If you’re an artist, you’ve probably experienced a moment—maybe even several—when you look back on a stretch of time and realize that you’ve created less art than usual, or even no art at all. Maybe you’re in the middle of some big changes, like becoming a parent, or attending to your mental health. You might be emerging from a particularly busy period, and just want to soak up some rest for the time being. Moving through different seasons is a normal part of both life and the creative process. But what happens when those short breaks in between your art sessions start stretching into weeks, months, or even years? How do we navigate longer, extended breaks away from our art practice and the emotions that may arise with them?
Years ago, I had a roommate who built sets for local theater productions. I would come home from a closing shift and he would be painting a sign for some make-believe business. I would get back from the movies and he’d be hammering nails into some crude, unfinished structure. I wondered what it was like to move through the day the way he did, from project to project, seemingly paying little to no attention to what time of day it was, whether it was time to eat lunch or go to bed.
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For this Seeding Collaborations, we spoke with farid rakun—an artist, writer, editor, teacher and instigator based in Jakarta, Indonesia and a part of the artist collective ruangrupa. rakun is trained as an architect, but “wears different hats, dependent on who is asking.” We were drawn to his extensive practice in working collectively and his generosity in knowledge building and sharing. Our time with rakun was spent hopping from one idea to the next, including the plurality of collectivity throughout the world, making room for experimentation, and the importance of joy in art.
Many of us, myself included, were raised in a world where competing with the people around you is the norm—even when it leads us nowhere. Don’t get me wrong: I’m an incredibly competitive person at heart and have been forcibly removed from a number of casual board game groups. But when it comes to art, I believe that competition creates a false sense of scarcity among artists and keeps all of us hungry for the everyday magic of art.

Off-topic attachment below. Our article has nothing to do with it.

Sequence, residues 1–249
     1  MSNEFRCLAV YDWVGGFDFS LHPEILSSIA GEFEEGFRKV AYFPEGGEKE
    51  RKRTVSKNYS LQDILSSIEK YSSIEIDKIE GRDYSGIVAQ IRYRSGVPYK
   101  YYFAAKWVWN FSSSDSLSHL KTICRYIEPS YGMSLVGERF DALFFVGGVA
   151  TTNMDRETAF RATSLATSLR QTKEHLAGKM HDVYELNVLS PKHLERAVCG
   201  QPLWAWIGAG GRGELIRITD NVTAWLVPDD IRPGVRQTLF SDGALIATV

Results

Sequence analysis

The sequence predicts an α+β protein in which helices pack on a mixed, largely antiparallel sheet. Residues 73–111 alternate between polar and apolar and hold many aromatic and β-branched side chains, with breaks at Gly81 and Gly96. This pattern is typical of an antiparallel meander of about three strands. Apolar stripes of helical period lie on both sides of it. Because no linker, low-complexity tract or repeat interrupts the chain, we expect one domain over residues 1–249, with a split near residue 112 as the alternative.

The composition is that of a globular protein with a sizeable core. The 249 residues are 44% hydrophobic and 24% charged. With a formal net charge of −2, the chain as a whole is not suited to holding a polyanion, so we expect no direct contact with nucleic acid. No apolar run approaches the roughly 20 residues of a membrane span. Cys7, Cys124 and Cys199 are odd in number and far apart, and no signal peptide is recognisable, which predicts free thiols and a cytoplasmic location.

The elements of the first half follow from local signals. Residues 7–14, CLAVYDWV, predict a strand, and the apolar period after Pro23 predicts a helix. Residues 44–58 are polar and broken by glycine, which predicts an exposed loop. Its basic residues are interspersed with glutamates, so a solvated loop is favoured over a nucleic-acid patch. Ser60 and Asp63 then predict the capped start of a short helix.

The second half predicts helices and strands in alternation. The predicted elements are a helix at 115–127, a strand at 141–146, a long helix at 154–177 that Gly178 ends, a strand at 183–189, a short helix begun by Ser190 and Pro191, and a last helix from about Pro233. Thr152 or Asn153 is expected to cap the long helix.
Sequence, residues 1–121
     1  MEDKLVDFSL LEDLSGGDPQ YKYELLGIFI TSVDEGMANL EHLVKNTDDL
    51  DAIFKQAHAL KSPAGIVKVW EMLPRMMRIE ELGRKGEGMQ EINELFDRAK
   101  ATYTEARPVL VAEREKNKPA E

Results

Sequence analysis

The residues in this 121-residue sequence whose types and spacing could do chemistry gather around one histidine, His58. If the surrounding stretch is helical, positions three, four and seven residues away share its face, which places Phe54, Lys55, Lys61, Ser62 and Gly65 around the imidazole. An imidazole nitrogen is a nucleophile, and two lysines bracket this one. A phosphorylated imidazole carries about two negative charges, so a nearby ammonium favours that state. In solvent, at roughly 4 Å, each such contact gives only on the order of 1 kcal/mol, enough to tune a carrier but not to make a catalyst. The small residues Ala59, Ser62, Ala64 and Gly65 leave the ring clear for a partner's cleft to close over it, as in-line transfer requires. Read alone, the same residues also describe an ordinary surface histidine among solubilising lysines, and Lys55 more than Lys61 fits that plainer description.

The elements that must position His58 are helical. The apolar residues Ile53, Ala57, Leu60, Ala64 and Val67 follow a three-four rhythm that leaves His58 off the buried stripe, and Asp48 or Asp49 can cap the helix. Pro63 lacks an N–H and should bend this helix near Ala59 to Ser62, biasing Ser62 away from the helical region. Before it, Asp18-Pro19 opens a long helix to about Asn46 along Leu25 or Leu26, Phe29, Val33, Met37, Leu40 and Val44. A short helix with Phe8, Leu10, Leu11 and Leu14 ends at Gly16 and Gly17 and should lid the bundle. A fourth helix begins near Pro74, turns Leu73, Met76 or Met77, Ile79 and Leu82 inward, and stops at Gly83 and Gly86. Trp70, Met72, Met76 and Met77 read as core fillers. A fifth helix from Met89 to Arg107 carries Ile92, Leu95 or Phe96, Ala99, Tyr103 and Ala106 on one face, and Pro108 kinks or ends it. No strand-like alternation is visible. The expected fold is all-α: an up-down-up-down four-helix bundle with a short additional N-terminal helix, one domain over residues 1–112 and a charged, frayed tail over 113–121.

In a world where our time and attention are continually mined as a resource, reclaiming your focus and directing it towards creative work is nothing short of a revolution. But if you’re anything like me, devoting time to your creative work is an ongoing process with perpetually shifting seasons. Some months, you might be on a roll and fall into a nice, smoooooth rhythm: making art before breakfast, chores after dinner, plotting revenge plus resting on the weekend. In my busy bee era, an entire year could fly by with plenty of creative gigs (and all the admin work that they bring)—but seemingly no time left over for a personal, creative practice.
For this iteration of “Seeding Collaborations,” we expanded our ecosystem to the Netherlands where we spoke with Luke Cohlen and Marianna Takou from Casco Art Institute: Working for the Commons (Casco). Casco is an arts organization located in Utrecht, Netherlands, where they are exploring and practicing where the arts and the commons meet. As defined by Casco, the commons is where “the natural and cultural resources [is] held in common by a community.” In this interview, Cohlen and Takou offer insights into Casco’s approach to working for the commons and systems change. As an art institution that presents artists’ works, they are also tackling the other side of an art practice, and how we can actually support artists, whether it’s financially or through other types of resource sharing.
Behind every artist is an encouraging herd of supporters. Our herd can include family, friends, teachers, counselors, mentors, partners—often growing and changing shape over time. Whether it’s my fellow staff members (many of whom are artists in their own right) or the artists we serve on the daily, I’m perpetually curious: who helped you become an artist? What support does an artist need from their community? And in turn, how does art sustain and strengthen a community?
It’s rejection season, baby. For creative beings who bravely put themselves out there this fall and winter, I tip my hat to you—regardless of the outcome. The first months of the year are a notoriously brutal season for artists because, while a small percentage of us just received happy news (you finally got that grant!), the vast majority of working artists are questioning why they poured hours of their precious free time into applications that go nowhere.
Fellow perfectionists, I invite you to imagine the following scenario: you just printed a huge, adhesive sticker. It’s the height of a fully grown hobbit, and feels like a perfect, two-dimensional newborn (“they have your eyes!”). Now, imagine slowly unpeeling it, heart pounding, painfully aware that you have one chance to get it right. To your horror, the sticker begins clinging desperately to every surface it can find, including your skin, your clothes, and itself.
I’ll never forget the first time I took myself on an artist date. Okay, to be honest, I forget most of the details. But I’ll never forget how it felt. The clarity! The creative freedom! The subversive undertones. It was my first taste of anti-productivity.